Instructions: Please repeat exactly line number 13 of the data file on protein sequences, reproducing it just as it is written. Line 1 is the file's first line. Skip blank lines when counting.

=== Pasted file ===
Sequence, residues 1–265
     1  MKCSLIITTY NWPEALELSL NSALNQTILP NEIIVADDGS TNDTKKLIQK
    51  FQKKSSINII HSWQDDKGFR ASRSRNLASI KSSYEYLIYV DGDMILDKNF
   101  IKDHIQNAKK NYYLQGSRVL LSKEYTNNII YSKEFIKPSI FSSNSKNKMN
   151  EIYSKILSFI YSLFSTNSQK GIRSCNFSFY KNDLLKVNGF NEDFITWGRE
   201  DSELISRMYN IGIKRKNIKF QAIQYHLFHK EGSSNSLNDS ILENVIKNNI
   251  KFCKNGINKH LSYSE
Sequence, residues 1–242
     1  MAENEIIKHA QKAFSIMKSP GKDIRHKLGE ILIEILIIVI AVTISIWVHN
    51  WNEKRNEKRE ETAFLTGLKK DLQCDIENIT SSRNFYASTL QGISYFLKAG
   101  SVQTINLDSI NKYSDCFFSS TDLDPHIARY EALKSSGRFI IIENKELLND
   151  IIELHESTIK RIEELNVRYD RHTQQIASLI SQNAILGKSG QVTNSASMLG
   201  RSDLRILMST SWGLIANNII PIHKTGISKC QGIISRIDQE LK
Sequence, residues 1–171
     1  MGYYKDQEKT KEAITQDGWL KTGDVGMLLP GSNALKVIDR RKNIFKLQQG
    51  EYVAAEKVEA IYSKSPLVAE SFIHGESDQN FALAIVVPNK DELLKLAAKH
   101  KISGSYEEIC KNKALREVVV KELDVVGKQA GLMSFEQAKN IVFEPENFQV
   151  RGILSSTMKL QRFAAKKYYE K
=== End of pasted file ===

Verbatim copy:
   201  RSDLRILMST SWGLIANNII PIHKTGISKC QGIISRIDQE LK